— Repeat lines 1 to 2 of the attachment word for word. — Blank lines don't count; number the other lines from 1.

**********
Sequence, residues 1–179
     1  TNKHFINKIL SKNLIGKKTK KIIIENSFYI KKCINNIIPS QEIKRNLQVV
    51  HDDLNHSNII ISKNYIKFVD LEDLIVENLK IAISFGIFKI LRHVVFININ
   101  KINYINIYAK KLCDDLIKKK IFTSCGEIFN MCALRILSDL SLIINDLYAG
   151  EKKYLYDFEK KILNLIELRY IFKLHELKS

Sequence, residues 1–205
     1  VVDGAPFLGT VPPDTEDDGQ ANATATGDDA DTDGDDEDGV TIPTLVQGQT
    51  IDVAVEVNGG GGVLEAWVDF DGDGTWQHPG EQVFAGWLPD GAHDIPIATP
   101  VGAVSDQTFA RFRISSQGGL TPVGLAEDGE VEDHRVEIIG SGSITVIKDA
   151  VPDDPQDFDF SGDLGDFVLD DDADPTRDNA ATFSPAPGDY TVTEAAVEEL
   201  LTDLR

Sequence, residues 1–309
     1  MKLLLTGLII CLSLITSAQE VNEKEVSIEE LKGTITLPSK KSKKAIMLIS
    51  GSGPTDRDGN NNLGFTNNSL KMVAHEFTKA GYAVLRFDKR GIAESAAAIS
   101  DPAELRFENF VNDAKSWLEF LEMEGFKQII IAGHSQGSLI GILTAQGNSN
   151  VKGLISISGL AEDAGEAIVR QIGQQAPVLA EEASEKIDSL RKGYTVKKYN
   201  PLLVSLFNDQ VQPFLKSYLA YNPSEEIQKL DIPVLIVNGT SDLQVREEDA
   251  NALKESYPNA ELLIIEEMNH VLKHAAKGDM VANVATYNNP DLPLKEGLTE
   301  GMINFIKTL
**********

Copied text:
Sequence, residues 1–179
     1  TNKHFINKIL SKNLIGKKTK KIIIENSFYI KKCINNIIPS QEIKRNLQVV